5. IPL: Palomar Starlux and EsteLux, Harmony, EpiLight, Aculight, Vasculigh, Aurora (w/RF technology)
    In order to determine the best device to use, patients need to figure out their skin type using the Fitzpatrick Skin Chart*. In 1975, Thomas B Fitzpatrick, MD, PhD, of Harvard Medical School, developed a classification system for skin typing. This system was based on a person's response to sun exposure in terms of the degree of burning and tanning the individual experienced.
    *This tool is approximate
    TYPE I: Highly sensitive, always burns, never tans. Example: Red hair with freckles or Albino
    TYPE II: Very sun sensitive, burns easily, tans minimally.
    Example: Fair-skinned, fair-haired Caucasians
    TYPE III: Sun sensitive skin, sometimes burns, slowly tans to light brown.
    Example: Darker Caucasians, European mix
    TYPE IV: Minimally sun sensitive, burns minimally, always tans to moderate brown.
    Example: Mediterranean, European, Asian, Hispanic, American Indian
    TYPE V: Sun-insensitive skin, rarely burns, tans well.
    Example: Hispanics, Afro-American, Middle Eastern
    TYPE VI: Sun-insensitive, never burns, deeply pigmented.
    Example: Afro-American, African, Middle Eastern
    • Alexandrite lasers are best for skin types I-III
    • Diode lasers are best for skin types I-IV
    • Nd:YAG* lasers are best for skin types IV and darker
    *ND:YAG lasers were specifically created to cater to dark-skinned patients. This is the only type of laser that should be used on skin types V and darker. Using any other types of lasers on this type of skin can result in burns if they are used at settings that disable the hair permanently.
  4. How Does Laser Hair Removal Work? 
    Lasers designed for permanent hair reduction emit wavelengths of light that are absorbed by the pigment in the hair (melanin). If the surrounding skin is lighter than the color of the hair, the energy of the laser is concentrated in the hair shaft, effectively destroying it without affecting the skin or the follicle.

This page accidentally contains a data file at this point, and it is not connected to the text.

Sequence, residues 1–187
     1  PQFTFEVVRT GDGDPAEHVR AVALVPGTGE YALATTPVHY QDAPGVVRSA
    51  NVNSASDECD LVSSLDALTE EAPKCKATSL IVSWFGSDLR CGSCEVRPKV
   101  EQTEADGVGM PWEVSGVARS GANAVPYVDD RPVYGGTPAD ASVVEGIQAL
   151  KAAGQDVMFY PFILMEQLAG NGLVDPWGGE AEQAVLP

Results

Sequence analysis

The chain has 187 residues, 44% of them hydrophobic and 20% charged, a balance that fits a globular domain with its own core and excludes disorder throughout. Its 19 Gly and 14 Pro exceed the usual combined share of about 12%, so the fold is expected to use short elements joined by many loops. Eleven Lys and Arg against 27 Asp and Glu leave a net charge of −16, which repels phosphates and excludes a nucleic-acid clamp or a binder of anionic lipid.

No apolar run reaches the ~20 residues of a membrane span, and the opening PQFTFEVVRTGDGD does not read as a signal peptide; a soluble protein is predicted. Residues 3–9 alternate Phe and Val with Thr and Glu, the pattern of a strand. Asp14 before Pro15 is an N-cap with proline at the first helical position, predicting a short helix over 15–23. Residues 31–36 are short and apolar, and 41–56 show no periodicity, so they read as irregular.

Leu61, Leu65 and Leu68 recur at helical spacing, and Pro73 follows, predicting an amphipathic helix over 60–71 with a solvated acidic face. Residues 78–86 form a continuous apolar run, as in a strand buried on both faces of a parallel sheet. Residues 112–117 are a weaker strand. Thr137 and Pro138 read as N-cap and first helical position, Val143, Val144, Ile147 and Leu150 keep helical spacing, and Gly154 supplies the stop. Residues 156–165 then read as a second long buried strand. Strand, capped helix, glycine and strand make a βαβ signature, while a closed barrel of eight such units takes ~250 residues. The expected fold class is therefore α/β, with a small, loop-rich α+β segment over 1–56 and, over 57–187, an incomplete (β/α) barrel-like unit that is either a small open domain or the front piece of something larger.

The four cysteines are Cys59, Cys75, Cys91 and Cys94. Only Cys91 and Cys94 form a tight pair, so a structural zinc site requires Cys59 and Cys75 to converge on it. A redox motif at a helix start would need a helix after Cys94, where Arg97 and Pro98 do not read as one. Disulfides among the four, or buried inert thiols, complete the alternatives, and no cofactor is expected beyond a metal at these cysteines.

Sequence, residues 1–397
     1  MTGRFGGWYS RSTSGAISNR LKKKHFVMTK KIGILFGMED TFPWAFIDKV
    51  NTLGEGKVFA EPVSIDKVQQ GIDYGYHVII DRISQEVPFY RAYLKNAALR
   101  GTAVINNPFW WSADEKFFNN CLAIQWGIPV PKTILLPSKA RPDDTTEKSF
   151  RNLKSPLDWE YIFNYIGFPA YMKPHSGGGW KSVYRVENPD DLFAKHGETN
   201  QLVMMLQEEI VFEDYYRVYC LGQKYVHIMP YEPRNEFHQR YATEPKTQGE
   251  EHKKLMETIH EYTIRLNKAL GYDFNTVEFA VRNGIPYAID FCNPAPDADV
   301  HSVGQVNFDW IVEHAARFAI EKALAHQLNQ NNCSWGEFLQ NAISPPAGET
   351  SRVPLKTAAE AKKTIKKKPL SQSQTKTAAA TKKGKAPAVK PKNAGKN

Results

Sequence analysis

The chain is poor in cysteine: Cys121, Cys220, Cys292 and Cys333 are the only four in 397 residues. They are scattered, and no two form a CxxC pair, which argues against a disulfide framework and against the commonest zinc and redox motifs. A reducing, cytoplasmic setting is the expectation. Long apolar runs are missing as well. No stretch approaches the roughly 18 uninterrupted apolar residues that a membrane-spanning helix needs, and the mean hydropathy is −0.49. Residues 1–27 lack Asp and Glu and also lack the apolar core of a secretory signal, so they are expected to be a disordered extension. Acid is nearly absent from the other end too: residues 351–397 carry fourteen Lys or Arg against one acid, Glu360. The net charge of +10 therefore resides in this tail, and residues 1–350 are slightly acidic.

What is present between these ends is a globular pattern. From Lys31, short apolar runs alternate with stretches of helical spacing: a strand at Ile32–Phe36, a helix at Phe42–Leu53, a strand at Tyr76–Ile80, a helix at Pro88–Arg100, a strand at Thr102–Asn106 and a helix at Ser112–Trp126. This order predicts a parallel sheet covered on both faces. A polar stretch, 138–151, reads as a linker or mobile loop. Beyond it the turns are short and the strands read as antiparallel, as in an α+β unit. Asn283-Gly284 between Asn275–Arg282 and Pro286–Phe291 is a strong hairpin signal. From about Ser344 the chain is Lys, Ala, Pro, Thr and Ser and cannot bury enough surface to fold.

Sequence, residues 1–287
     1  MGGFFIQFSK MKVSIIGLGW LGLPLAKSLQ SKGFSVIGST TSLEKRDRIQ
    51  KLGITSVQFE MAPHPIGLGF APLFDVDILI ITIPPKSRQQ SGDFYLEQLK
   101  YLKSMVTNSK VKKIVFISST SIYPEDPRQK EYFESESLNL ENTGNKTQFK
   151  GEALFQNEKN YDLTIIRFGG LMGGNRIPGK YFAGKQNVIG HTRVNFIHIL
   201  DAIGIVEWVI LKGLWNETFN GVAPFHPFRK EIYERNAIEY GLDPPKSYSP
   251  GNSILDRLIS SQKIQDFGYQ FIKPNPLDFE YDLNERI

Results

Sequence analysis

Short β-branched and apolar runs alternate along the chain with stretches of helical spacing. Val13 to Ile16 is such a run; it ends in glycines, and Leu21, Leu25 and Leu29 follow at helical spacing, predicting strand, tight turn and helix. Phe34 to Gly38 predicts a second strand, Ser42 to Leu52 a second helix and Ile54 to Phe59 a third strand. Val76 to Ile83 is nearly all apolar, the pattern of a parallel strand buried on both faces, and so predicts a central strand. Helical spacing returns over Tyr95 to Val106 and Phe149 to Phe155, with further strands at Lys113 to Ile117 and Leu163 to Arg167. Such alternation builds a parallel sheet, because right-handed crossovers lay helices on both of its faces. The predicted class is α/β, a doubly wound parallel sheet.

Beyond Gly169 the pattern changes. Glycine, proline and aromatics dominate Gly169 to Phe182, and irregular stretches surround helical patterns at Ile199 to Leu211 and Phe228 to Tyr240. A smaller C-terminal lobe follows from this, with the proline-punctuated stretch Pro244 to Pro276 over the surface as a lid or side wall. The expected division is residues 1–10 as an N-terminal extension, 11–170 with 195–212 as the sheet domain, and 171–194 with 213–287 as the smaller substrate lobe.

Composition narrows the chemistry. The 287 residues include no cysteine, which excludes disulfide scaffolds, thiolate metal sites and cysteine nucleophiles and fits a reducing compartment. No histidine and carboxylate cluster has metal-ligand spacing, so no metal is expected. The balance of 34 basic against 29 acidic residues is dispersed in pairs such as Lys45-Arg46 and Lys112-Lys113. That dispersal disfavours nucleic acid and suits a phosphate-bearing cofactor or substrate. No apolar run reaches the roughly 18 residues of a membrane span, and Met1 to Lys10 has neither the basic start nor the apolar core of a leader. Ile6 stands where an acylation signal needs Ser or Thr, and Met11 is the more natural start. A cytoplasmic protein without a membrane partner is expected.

Since lasers target pigment, treatments are most effective on coarse hair because it has a lot of pigment and can absorb a lot of heat. Fine hair cannot absorb much heat.
    The ability of the laser device to produce a very narrow bandwidth on a consistent basis is the key to a safe efficient treatment. While the laser emits a beam that only heats the hair shaft, heat is transmitted from the hair shaft to the surrounding tissue for several milliseconds after the laser pulse. Several lasers possess cooling attachments which cool the surrounding skin to fully absorb any heat transmitted from the destroyed hair shafts.
    Intense Pulse Light (IPL) machines are not lasers. These machines use a highly concentrated beam of traditional incoherent light, often in conjunction with a cream or gel, to burn the hair shaft. A serious flaw with these systems is that they lack the laser's ability to produce a selective bandwidth of light that will only affect the hair shaft (selective photothermolysis). IPLs produce a wide bandwidth of light that can heat up all of the surrounding tissue, making it less effective in disabling hair and putting the patient at a higher risk for burns, especially on darker skin.
    IPL devices are generally cheaper than laser devices, which is why many clinics choose to use them. Generally, true hair removal lasers (i.e. alexandrite, diode, and ND:Yag types) tend to achieve better and faster results than IPLs.
  5. How Many Laser Treatments will I Need and How Far Apart are They Scheduled?
    Most patients need at least 6-8 effective treatments spaced 8-12 weeks apart. Because hair grows in cycles, several sessions are necessary in order to affect all hair on any given area. Due to length of hair growth cycles, treatments are usually needed once every 8-12 weeks. Hair cycle length varies depending on body part. Face usually requires more frequent treatments (about 8 weeks apart) whereas legs and back need less frequent treatments (closer to 12 weeks apart).
    Shedding of all treated hair should be expected within 3 weeks of each treatment. The hair that doesn’t shed and is growing as usual after 3 weeks has likely been either missed or not affected due to inappropriate settings. If this is the case, a touchup treatment is necessary at that time. All 6-8 treatments should be good effective treatments in order to achieve good results.
    Once the hair sheds, patients should experience a hair-free period for several weeks. Once new hair comes in again, patients should come in for their next session.
  6. Is Laser Hair Removal Permanent? Are There Permanent Hair Removal Methods? 
    Laser hair removal lasers have been in use since 1997 and the Food and Drug Administration approved them for “permanent reduction.” They disable hair permanently as long as the right type of hair is treated with an appropriate type of laser at effective settings.